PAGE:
Life on the Road Part 1 Selling the House

While we are stationary at Mt Olive Shores North and there’s not much new going on, We are posting the content of the seminars we presented.

When we were at the Newmar Kountry Klub International Rally in Sedalia, Missouri, we presented 3 different topics as part of the Fulltimers Chapter Life on the Road Seminars. This is the first of 3 posts outlining the information we shared.

LifeOnRoad R&T

As part of our introduction – our prom picture 1972

Life on the Road – 2017 International Rally Presentation – Sell the House or Not?

LifeOnRoad House

Our home in Cincinnati. Too big and we had to deal with that white, cold stuff.

One of the decisions RV’ers face when making the move to fulltiming is whether to keep the house or sell it. In making this decision one must confront emotional, financial and family considerations. A big part of this decision involves looking ahead to what your wants and needs will be when you are no longer fulltiming. Will your current house match your lifestyle? Will the location be where you will want to live? You must also assess how certain you are that the fulltiming lifestyle is right for you. If you sell your house and shortly thereafter decide fulltiming is not your thing, you will no longer have a house to come back to. Perhaps a family member wants the house. You can either sell it to them or have them rent it for a while as you try things out. Another consideration you need to deliberate is whether you will have the funds to buy another house when you come off the road, and if this is best market in which to sell. Renting may make more sense. But then you must ask yourself if you are comfortable being a long-distance landlord?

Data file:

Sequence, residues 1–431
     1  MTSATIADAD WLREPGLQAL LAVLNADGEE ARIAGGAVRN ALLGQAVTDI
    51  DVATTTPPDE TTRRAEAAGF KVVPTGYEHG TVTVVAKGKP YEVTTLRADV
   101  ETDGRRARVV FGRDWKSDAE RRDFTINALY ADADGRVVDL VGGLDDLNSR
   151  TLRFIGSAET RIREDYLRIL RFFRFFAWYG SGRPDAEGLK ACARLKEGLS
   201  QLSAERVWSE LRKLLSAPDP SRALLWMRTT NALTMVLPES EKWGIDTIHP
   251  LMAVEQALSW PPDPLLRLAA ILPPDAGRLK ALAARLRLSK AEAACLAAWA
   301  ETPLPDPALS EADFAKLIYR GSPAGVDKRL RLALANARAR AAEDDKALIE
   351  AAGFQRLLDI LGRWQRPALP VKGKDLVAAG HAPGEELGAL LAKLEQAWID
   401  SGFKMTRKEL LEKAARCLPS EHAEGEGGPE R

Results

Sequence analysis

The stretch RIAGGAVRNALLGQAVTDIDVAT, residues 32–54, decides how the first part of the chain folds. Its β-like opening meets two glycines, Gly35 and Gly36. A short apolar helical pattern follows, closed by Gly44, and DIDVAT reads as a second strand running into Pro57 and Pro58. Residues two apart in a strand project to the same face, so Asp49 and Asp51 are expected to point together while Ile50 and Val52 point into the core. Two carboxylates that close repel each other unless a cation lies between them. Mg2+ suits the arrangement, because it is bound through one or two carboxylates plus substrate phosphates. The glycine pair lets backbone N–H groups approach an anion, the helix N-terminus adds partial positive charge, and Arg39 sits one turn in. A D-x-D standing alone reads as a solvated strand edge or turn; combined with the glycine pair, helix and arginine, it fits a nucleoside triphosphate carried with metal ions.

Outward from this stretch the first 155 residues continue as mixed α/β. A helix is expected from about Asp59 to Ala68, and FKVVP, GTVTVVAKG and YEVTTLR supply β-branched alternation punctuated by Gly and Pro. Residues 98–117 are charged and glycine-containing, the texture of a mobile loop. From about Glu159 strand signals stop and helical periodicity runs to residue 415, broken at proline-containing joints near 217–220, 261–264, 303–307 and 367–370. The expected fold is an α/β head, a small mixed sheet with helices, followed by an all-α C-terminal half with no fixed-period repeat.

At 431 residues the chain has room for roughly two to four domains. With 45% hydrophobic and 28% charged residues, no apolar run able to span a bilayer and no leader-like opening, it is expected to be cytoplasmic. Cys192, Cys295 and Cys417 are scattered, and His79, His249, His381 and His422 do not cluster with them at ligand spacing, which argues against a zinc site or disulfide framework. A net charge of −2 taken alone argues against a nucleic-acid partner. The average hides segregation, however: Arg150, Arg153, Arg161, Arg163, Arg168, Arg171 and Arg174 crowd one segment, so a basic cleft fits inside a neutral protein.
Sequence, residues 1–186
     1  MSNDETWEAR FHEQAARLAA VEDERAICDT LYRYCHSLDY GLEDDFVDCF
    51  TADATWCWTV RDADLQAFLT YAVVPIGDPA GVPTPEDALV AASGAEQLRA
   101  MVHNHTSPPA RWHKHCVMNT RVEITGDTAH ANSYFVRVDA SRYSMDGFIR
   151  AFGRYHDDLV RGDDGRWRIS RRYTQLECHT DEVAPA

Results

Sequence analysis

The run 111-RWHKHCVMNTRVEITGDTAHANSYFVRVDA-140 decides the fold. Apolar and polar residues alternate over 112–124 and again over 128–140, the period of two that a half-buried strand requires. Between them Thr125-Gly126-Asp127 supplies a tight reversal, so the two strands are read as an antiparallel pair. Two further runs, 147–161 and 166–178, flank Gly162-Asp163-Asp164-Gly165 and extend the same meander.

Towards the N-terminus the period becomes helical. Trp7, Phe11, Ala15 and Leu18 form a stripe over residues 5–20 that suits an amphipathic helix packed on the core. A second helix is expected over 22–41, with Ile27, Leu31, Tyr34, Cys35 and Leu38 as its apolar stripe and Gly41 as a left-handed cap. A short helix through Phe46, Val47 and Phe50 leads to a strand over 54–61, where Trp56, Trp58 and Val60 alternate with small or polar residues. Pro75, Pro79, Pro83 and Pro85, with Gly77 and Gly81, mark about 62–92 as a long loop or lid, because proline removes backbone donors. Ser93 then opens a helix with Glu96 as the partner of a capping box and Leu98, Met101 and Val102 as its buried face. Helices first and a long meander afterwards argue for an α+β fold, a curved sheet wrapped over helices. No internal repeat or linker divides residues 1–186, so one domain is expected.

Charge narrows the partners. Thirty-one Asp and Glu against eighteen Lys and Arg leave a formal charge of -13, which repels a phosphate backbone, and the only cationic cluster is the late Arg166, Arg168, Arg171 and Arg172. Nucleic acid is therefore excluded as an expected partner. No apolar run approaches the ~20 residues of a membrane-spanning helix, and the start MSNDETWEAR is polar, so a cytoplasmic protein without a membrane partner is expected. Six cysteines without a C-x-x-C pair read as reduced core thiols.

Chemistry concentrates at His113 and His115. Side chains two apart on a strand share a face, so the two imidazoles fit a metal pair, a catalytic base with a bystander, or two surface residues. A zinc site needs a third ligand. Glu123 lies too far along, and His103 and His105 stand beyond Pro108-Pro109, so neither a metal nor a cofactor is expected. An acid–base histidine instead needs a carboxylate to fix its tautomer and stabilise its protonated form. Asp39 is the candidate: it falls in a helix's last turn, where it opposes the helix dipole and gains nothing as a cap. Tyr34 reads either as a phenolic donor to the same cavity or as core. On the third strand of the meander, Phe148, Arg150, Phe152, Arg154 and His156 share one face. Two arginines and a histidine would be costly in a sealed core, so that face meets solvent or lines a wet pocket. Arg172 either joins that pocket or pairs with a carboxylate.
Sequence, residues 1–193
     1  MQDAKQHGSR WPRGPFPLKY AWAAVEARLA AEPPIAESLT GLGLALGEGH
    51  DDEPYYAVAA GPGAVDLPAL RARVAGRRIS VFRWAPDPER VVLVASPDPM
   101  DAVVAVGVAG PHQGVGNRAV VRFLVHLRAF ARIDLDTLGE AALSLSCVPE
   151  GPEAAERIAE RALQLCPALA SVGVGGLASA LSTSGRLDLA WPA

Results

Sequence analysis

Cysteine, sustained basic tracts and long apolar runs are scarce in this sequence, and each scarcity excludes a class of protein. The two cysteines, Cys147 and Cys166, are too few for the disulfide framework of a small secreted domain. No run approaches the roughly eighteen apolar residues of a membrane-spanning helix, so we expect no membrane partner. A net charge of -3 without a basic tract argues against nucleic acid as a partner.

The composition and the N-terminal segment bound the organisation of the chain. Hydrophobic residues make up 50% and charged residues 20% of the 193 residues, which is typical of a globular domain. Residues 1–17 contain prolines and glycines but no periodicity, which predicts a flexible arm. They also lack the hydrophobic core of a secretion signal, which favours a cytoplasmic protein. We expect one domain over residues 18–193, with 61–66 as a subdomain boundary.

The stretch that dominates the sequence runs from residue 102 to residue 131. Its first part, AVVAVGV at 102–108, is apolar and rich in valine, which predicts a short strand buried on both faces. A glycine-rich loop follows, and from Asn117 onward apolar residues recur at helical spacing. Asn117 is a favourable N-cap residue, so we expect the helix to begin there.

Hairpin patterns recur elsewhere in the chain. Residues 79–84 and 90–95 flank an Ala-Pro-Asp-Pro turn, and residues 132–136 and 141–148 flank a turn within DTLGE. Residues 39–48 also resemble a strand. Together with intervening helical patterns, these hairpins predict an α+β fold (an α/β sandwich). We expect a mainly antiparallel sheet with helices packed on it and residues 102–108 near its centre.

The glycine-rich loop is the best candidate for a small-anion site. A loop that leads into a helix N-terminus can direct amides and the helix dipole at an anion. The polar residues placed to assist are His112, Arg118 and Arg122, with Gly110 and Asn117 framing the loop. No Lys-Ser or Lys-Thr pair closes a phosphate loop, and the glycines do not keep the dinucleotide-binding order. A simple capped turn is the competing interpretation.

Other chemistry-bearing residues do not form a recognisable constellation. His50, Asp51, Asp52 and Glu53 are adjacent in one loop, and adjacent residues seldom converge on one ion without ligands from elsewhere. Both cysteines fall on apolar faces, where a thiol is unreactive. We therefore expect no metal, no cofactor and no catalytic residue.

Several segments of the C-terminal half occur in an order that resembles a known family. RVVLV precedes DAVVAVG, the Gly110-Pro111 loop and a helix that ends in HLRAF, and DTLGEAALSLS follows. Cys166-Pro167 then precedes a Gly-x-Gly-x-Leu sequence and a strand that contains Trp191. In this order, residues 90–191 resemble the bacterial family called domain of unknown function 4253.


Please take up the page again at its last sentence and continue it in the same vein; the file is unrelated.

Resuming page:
We recommend if it doesn’t feel right, don’t do it. It’s a big emotional and financial decision. You can always sell later.

Of course, if you keep the house there are fixed expenses you need to look at. Mortgage payments, property taxes, HOA or neighborhood fees to mention a few. Look closely at your homeowners and liability Insurance. Many times your rate will be higher if the house is empty. Upkeep and renovations will continue to be an expense and an empty house ages quickly.

Another issue that will need to be addressed is what about keeping “the stuff”. Will you still want it? Will it be what you need when you set up a house again? What about your peace of mind – will you worry about theft, or damage? What will insurance cost? Does a storage facility make sense and how will storage effect your possessions? Is it worth the ongoing storage fees? Does someone, perhaps a family member, want or need it?

Our advice is to research the financial aspects. Don’t use all the proceeds from the sale of an appreciating asset (house) to buy a depreciating asset (RV). Talk with a financial advisor. Timing may be critical. Buy the RV before selling the house, especially if you need to finance the RV. Banks are reluctant to make loans to ‘homeless people’. And talk with family members, consult realtors, and run the numbers.

Posted in Tips and Tricks.

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